- Well, I can tell you that it’s me in front of a city and that it is about what feels like home to me, places where I would feel safe, where I can be my true self, with no filters, lighthearted, and at ease.

- Can this city represent Beirut?

- Beirut! I never painted a line outside Beirut, did you know that?

- Really? No, I did not know that.

I am enchanted by the new information she provided me with.

- Hahaha, well no one knows that. I mean no one knew that! But I don’t know if I consider Beirut to be a home for me. It’s too complicated!

- Then where, what, or who is a home for you?

She turns her face towards me quickly, takes a step back as if my question perturbates her. Her face seems troubled, and her eyes start traveling around the room quickly. Then, before saying a word, death approached us.

Within a blink of an eye, Hayat disappears. Everything else disappears. Shapes disconnect, fade, or deviate, and colors are gone. Nothing but black remains, falling on me from the roof, or directly from heaven. I don’t know if this is reality or if it is a dream, or if I became a part of one of Hayat’s melancholic paintings. I don’t even know if I am alive or dead. Suddenly, a monstrous sound tears my ears apart, informing me of my attachment to my alive senses. I scream out of terror, but I cannot hear my voice. My uncertainty is therefore strengthened; I cannot tell what is going on, I cannot tell if I am still alive, or if this is what the afterlife looks like. Shortly afterward, I realize that the endless evil’s scream is much louder, much stronger. That voice fades away. I am alive in the middle of chaos, where the glass is shattered into pieces on the floor, where half of the apartment’s roof has fallen, and where nothing else is recognizable: not a shape, not a color, not a face, not a voice... I am alone. Horror grows in me, this time putting my body to action and putting my throat in a long rest. I need to get out of the building. This is all I can think of now, but I never thought that this would be so hard to do: nothing is the same anymore, nothing is in its place. I am lost. I start running in random directions, struggling to overstep the unrecognizable wrecked debris everywhere. Miraculously, I find the stairs. I start to reason that this is probably an explosion, so all I need is to get out of the building, walk to a different street where I would be safer, not alone, and not lost. Walking down the stairs, I see blood marks on the wall in the shape of hands of all sizes. Some are tiny hands. I check myself, to see if I am bleeding. I am not. I am intact. But then I remember Hayat that disappeared in a second. I scream: “Hayat! Hayat!” in hope that she will answer, but there was no response to my shaking voice. I look up at the doorless apartment I was in, thinking that I should go up again to look for Hayat, but I am too terrified to do that, I need to get out of here, I need to leave Nor Hadjen street, I need to be in a calmer place.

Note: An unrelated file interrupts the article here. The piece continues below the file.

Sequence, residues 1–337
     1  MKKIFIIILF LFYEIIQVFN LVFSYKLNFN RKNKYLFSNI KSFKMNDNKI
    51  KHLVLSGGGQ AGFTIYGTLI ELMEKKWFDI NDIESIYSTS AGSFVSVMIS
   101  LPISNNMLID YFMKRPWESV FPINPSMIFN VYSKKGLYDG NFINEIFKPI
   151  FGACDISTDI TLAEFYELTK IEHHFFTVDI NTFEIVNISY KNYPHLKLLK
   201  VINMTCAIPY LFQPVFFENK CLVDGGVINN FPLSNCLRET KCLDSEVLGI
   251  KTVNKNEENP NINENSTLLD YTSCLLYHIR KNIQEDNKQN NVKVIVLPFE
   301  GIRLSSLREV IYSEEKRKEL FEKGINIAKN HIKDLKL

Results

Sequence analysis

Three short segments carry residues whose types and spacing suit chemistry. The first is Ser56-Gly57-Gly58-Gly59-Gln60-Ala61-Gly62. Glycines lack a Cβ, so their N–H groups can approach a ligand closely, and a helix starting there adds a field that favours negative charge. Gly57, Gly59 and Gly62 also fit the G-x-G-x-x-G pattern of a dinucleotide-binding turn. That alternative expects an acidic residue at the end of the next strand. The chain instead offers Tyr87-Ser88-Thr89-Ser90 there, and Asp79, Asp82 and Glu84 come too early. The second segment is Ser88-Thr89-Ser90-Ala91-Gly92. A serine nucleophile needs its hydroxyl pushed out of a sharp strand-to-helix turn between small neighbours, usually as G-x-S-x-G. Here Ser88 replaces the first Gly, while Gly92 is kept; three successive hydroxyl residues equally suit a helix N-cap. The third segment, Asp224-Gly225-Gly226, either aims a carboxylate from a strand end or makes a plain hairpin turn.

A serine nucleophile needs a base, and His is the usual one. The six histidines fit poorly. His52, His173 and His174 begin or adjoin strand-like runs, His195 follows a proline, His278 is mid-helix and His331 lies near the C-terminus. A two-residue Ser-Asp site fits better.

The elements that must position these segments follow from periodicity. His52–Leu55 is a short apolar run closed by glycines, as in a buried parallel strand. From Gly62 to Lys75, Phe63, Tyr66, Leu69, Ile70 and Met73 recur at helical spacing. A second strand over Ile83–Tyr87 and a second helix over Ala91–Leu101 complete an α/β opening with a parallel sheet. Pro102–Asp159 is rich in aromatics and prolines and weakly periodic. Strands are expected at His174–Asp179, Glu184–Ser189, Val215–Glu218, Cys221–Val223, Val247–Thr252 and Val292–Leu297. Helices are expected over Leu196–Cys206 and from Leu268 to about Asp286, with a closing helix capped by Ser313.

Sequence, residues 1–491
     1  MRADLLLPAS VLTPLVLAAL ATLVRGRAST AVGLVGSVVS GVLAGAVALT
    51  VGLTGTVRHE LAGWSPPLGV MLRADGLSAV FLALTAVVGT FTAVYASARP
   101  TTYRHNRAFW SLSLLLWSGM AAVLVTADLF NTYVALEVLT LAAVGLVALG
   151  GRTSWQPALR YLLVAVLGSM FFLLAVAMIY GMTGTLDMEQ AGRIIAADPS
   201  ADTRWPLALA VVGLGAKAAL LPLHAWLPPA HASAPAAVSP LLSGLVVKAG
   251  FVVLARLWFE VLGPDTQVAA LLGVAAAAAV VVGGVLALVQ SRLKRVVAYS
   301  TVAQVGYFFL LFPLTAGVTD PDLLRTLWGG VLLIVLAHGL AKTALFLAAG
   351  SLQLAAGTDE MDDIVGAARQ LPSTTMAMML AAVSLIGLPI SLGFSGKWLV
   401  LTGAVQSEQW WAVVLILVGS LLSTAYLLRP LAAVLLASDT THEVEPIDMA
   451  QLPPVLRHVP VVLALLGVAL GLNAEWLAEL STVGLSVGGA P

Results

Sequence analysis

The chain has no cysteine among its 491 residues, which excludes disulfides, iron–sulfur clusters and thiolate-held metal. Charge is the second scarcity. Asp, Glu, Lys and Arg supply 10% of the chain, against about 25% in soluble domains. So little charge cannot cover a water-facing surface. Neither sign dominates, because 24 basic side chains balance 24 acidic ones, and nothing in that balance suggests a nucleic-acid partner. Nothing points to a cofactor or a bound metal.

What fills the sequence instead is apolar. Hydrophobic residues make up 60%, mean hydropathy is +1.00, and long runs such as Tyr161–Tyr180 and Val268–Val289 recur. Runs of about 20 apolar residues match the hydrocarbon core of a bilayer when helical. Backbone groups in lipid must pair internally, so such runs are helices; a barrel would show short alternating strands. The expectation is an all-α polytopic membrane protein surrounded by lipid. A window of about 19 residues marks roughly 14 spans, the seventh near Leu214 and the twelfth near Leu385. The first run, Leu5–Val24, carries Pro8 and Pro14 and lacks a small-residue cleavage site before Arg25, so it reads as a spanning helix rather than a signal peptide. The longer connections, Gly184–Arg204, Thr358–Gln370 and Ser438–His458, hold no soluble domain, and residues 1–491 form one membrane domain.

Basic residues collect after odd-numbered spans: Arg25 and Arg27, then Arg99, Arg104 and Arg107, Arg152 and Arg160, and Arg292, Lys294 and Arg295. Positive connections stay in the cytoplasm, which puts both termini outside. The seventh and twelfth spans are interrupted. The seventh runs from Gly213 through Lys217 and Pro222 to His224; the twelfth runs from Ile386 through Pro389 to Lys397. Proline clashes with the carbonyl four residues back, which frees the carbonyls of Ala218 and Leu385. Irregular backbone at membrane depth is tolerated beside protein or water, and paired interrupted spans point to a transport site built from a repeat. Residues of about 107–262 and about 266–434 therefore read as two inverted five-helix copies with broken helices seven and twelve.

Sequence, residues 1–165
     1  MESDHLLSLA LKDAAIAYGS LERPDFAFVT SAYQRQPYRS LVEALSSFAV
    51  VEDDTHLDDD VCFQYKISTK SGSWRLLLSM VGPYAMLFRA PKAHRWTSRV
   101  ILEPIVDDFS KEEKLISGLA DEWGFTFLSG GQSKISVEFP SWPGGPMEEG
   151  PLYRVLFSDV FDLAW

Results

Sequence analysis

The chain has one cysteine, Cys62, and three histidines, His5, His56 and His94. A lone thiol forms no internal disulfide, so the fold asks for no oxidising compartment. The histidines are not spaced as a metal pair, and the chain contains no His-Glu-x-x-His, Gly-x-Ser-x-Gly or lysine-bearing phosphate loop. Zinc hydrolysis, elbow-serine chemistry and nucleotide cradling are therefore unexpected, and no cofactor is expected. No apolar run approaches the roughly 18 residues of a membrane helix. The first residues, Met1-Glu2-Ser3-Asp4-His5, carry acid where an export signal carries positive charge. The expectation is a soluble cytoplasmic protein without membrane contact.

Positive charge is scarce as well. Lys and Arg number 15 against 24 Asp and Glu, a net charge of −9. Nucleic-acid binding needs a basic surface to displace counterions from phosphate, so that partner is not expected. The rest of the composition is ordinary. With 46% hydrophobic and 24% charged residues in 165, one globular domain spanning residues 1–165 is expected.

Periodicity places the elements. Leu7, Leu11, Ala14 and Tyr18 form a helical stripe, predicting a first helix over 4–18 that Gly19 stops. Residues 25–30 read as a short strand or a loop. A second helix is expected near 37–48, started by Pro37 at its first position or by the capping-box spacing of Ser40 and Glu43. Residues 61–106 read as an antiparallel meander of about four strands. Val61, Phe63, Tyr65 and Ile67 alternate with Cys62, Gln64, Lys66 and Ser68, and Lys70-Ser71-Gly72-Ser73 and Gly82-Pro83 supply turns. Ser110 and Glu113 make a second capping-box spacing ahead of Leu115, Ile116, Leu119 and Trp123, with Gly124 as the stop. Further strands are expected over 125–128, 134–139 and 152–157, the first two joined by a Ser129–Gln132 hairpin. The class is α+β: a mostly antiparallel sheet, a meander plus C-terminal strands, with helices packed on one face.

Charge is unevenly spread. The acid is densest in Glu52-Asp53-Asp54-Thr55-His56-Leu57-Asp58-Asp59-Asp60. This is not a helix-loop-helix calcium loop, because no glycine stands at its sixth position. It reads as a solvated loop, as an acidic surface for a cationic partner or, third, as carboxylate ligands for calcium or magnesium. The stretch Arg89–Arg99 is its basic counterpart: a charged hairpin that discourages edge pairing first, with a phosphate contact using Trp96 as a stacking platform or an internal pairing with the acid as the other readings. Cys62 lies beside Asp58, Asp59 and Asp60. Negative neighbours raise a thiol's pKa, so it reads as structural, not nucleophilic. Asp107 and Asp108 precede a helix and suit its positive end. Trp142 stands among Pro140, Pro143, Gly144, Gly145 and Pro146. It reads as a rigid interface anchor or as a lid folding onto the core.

I don’t know how I managed to be outside the building, but I am relieved to be out. I look around me and I find that everything is shattered, and everyone is running out to find a resort outside of Nor Hadjen. Some are bleeding, some are bleeding a lot, some are red. Some are walking, some are being carried by others, some are on motorcycles. Cars are destroyed. I cannot look at this! I cannot get this much horror and this much misery into my consciousness. I run faster, looking at the ground. I get out of Nor Hadjen street, thinking that I will be in a better place, but Armenia street is entirely broken. Everything and everyone is broken. Disaster has fallen in every direction I look, reaching farther than my sight can get to. Tears in my eyes, I look up to the sky, hoping I would see something familiar; I would get a sense of home. But the sky was not blue, it was orange, red, and black. I have never felt this lonely. I start walking nowhere, hoping that I will reach a place where things would be normal.

Walking in fear, with my head down to avoid being exposed to more violence and harshness, I start to wonder what happened. I have not seen the source of an explosion, and the long road I have taken is full of glass tearing my shoes and hurting my ears. The sound of the glass under my feet makes me think about the damage they have done, and the skins they have blessed. But thinking makes me weak. I cannot walk anymore, and I cannot stop here. I cannot be here. I don’t bear it. I need to go home. Few minutes later, I see it! I see it on the ground in the middle of the street. I approach it and carry it. It is completed now. The eyeless face now has red eyes, and the city behind it seems fully painted from the dust and the debris. It is an ugly city. The painting is ugly. But this was meant to be Hayat’s home. I hold the painting close and start running. Seconds later, I get exhausted. I stand, with the painting in my hands, my eyes wandering through destroyed homes and hurt people, I scream aloud, I cry aloud with tears falling down my eyes. I break the painting into two pieces, and throw them away, screaming louder. I close my mouth and my eyes. Then I open my eyes thinking that people would be looking at me thinking that I am crazy. But no one is looking, others are occupied with their own pain, deafened by their own scream. No one cares. I keep on walking…

Months have passed. No news about Hayat. I am still walking, hoping to find home. I am still waiting for tomorrow; I am still waiting to get my answers…

A creative writing piece.